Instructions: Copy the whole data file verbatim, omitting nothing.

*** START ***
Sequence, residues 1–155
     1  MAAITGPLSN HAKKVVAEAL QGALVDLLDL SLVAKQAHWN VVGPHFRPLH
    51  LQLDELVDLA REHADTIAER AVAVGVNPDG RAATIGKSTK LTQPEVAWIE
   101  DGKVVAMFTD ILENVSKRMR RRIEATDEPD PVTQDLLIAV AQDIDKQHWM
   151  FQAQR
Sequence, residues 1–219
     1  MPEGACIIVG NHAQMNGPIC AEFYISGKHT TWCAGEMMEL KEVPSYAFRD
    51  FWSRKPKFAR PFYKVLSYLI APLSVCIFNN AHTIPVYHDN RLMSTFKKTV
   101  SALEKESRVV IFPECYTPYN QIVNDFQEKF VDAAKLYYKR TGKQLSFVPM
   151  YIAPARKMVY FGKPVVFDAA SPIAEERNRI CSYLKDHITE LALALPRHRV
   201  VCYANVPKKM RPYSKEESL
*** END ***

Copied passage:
Sequence, residues 1–155
     1  MAAITGPLSN HAKKVVAEAL QGALVDLLDL SLVAKQAHWN VVGPHFRPLH
    51  LQLDELVDLA REHADTIAER AVAVGVNPDG RAATIGKSTK LTQPEVAWIE
   101  DGKVVAMFTD ILENVSKRMR RRIEATDEPD PVTQDLLIAV AQDIDKQHWM
   151  FQAQR
Sequence, residues 1–219
     1  MPEGACIIVG NHAQMNGPIC AEFYISGKHT TWCAGEMMEL KEVPSYAFRD
    51  FWSRKPKFAR PFYKVLSYLI APLSVCIFNN AHTIPVYHDN RLMSTFKKTV
   101  SALEKESRVV IFPECYTPYN QIVNDFQEKF VDAAKLYYKR TGKQLSFVPM
   151  YIAPARKMVY FGKPVVFDAA SPIAEERNRI CSYLKDHITE LALALPRHRV
   201  VCYANVPKKM RPYSKEESL